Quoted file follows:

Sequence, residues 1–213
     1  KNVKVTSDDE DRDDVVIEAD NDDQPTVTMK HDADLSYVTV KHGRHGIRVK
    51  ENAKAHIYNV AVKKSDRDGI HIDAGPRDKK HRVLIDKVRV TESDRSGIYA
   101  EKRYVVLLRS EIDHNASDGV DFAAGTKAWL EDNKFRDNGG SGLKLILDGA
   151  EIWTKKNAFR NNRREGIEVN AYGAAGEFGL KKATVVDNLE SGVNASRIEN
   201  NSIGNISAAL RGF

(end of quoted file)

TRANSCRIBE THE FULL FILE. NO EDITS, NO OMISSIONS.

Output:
Sequence, residues 1–213
     1  KNVKVTSDDE DRDDVVIEAD NDDQPTVTMK HDADLSYVTV KHGRHGIRVK
    51  ENAKAHIYNV AVKKSDRDGI HIDAGPRDKK HRVLIDKVRV TESDRSGIYA
   101  EKRYVVLLRS EIDHNASDGV DFAAGTKAWL EDNKFRDNGG SGLKLILDGA
   151  EIWTKKNAFR NNRREGIEVN AYGAAGEFGL KKATVVDNLE SGVNASRIEN
   201  NSIGNISAAL RGF